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Tuesday, May 26, 2020

Explained: Curious case of medical varsity fee in Punjab

An MBBS student has to pay between Rs 50-70 lakh for the entire course to private universities while the proposal was to bring it below to between Rs 10 to 15 lakh.

Written by Kanchan Vasdev | Updated: June 13, 2019 9:00:33 am
An MBBS student has to pay between Rs 50-70 lakh for the entire course to private universities while the proposal was to bring it below to between Rs 10 to 15 lakh.

With the recent Punjab Cabinet meeting not taking a final decision on regulating the fee of MBBS and BDS courses in private medical sciences universities, Kanchan Vasdev explains why the students of these universities would have to pay an exorbitant fee for another year.

What has the government done?

While the Medical Education Department had proposed the Cabinet to allow amendment in the Punjab Private Health Sciences Education Institutions (Regulation of Admission, Fixation of Fee and Making Reservation) Act 2006, bringing the private universities under the ambit of this law, the issue was deferred in the wake of criticism from a few ministers. The Chief Minister then set up a Cabinet sub-committee. The committee would now take its own time to submit a report. By the time, the admissions in MBBS and BDS courses for the next session would be done.

What the amendment in the Act would have done?

The amendment would have allowed the government to regulate fee of all private universities, who are not in the ambit of the law. Under the Act, only the private colleges fall under the law allowing the government to regulate their fee. Punjab’s Advocate General Atul Nanda had in his legal opinion advised the government to amend the law to bring the universities also under its ambit.

How many private medical universities are there in Punjab?

Punjab has three private universities. These include Adesh University, Bathinda, Desh Bhagat University, Amloh and Sri Guru Ram Das University of Health Sciences, Amritsar (SGRD). Adesh University, offering MBBS and BDS courses, and Desh Bhagat University, offering BDS courses, are not covered under the ambit of the law. An MBBS student has to pay between Rs 50-70 lakh for the entire course to private universities while the proposal was to bring it below to between Rs 10 to 15 lakh. SGRD University, set up in 2016 is, however, covered under the law under which the government regulates its fee. There are 150 seats for each course in each university.

What did the Cabinet not allow the amendment to be brought in?

While the state government is accused of buckling under political pressure and not allowing the amendment to take place, the government’s argument is that it is not easy for the private professional institutions to run professional colleges that have to provide state-of-the-art infrastructure to students, laboratories and befitting faculty members. It says that Government run Rajindra Medical College in Patiala, a prestigious institute, was able to collect only Rs 19 crore as fee while its annual budget was Rs 150 crore. An amount of Rs 131 crore was funded by state government.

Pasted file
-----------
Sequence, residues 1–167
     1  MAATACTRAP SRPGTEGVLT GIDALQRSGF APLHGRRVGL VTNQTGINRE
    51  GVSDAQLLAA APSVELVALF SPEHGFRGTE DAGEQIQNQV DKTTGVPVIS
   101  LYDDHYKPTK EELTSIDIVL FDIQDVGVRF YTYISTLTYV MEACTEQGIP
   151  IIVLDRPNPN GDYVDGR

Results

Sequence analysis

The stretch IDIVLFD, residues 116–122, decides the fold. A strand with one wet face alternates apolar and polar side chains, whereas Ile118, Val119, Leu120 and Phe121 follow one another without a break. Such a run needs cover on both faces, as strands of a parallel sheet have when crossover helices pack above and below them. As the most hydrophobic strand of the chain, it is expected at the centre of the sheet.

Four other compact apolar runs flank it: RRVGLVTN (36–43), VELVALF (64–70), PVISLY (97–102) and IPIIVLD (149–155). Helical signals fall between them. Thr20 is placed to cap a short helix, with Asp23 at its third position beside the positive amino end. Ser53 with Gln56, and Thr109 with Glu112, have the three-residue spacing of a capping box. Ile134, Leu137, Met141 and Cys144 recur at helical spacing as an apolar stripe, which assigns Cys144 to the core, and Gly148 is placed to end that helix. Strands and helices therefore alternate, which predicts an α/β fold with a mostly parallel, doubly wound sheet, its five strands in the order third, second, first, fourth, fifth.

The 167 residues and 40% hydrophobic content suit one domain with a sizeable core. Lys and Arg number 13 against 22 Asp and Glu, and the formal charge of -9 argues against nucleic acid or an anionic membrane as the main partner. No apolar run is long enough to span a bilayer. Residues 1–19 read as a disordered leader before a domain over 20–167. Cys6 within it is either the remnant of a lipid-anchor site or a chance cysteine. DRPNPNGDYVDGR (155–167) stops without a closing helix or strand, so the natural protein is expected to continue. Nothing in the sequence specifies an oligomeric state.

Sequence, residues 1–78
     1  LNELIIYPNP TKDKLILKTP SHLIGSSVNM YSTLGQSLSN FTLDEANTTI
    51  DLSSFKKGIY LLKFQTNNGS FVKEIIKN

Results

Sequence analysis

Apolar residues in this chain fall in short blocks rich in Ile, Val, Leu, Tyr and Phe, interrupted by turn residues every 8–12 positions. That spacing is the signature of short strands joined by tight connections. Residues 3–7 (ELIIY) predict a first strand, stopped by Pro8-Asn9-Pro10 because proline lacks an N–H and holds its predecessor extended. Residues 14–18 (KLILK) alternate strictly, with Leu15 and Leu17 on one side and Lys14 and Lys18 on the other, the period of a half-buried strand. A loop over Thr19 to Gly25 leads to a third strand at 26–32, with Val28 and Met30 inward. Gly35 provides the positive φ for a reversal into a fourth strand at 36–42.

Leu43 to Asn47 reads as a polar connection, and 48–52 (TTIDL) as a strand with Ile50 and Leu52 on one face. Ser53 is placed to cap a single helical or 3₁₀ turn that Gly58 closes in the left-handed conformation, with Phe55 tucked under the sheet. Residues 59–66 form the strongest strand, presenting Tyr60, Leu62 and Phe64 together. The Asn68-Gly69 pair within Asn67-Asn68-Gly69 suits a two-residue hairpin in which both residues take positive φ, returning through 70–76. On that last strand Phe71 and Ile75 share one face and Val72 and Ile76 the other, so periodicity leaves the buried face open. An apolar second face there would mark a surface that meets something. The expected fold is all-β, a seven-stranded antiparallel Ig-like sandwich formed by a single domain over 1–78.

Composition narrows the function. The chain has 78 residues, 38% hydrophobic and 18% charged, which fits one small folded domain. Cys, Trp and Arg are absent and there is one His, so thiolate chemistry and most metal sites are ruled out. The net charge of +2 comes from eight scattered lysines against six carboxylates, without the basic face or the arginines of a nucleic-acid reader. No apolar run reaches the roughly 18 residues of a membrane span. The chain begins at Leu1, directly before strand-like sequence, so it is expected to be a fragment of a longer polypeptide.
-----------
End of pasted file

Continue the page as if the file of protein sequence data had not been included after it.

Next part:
Where would the universities bring this kind of money? They argue that Guru Ram Das University is able to sustain it as it gets funds from SGPC, Christian Medical College gets donations from missionaries and PIMS is government aided. Hence, it is not difficult for these private colleges to run their institutes with the regulated fee. Also, there are several in the government who feel that they should provide a level playing field for everyone. They argue, why other private universities too should not be brought under the ambit of the law.

What stirred the controversy?

A notification issued was in February 2018 by then secretary Sanjay Kumar. It brought all private medical institutes, including Adesh University, SGRD and Christian Medical College (CMC), Ludhiana, under the ambit of Punjab Private Health Sciences Educational Institutions (Regulation of admission, fixation of fee & making of reservation) Act, 2006. But CMC said that it being a minority unaided institution, the state cannot fix its quota.

Why was fee regulation law enacted?

The issue dates back to 2003 when the Supreme Court directed the states to enact a law to regulate the fee of all professional colleges. Punjab constituted a committee under a retired Judge G R Majithia to suggest the ways and means to regulate the fee. In 2006, Punjab enacted a law that allowed the government to regulate the fee. The government regulated the fee by dividing seats under government and management quota in the ratio of 50:50. Later, both Desh Bhagat and Adesh, which were medical colleges earlier, upgraded themselves as universities. They contended that they did not fall in the ambit of the regulation law as it was a direction by the SC for only professional colleges and not the universities.

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